On Tue, Jul 29, 2008 at 12:17 AM, Souichi TAKASHIGE <[EMAIL PROTECTED]> wrote:
> Hi,
>> No, it's only destructive if we have no way of regenerating the cache as 
>> needed.
>> With GEGL, we can cache just at the newest node in the graph. Stroke
>> information can be fully stored in the node.
> I'm confused.
> From my understanding, if stroke information is stored in the node,
> then the stroke can be regenerated, and that operation will be
> non-destructive since the cache can be regenerated. I think David says
> about "non-destructive" brush operation.
I was only addressing what you said "So it can't be non-destructive
unless we save
 that cache forever.", by indicating why little caching is needed for
the non-destructive case -- the actual parameters of the operation are

> I saw source code of gegl-paint. It seems that gegl_vector stores the
> information of the path, so I think it is also about non-destructive
> brush tool.
> On the other hand, Øyvind says that we can implement "destructive"
> brush. I think being "destructive" implies that there's no way to
> regenerate the stroke since being able to regenerate the stroke means
> that the cache is regeneratable, so the operation must not have any
> path information.
> My concern is about this case.
> Let's say, If the following operation sequences are executed, how can
> we undo and redo the brush operation (C) and (D)? And what will happen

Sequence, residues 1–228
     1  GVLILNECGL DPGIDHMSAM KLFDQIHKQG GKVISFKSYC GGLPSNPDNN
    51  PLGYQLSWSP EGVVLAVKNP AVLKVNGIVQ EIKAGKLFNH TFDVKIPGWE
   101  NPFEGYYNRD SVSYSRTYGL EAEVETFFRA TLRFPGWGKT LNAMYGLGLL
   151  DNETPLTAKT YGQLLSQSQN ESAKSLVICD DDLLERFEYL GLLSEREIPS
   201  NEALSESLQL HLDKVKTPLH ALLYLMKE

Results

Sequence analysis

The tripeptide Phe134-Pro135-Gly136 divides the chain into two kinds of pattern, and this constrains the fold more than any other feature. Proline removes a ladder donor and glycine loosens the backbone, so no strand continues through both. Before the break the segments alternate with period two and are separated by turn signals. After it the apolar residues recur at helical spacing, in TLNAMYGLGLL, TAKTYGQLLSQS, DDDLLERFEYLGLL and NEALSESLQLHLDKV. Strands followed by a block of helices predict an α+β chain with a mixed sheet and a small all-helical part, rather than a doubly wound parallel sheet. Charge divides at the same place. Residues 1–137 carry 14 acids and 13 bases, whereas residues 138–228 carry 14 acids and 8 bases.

> if we change the prarameter of the operation (B)?
After a destructive operation, you cannot change parameters of earlier
steps -- the information necessary to do so no longer exists.
Therefore, after C happens, changing B is meaningless -- B no longer
exists in any sensible way.

I think this is a subject where it is very easy to find yourself
confused. (I certainly am confused!)

I personally believe that destructive editing doesn't have merit by
itself, it doesn't save time or improve the responsiveness of a
Rather, it is worth using as a tool similar to 'clear undo history' --
in GEGL, it is like collapsing a branch of the graph into a single

I also think it's important to keep in mind, when working fully with
GEGL, undo and redo would be implemented by modification of the GEGL
graph. I admit I do not understand how there can really be any
destructive operation, in that framework; unless you allow old graph
modifications to expire (and turn that branch into a GeglBuffer)

> (A) load an image from external resource.
> (B) do filter operation, "non-destructive."
> (C) do brush operation, "destructive."
> (D) do another brush operation, "destructive."
> (E) do filter operation, "non-destructive."
> If my assumption is wrong, please let me know.
> --
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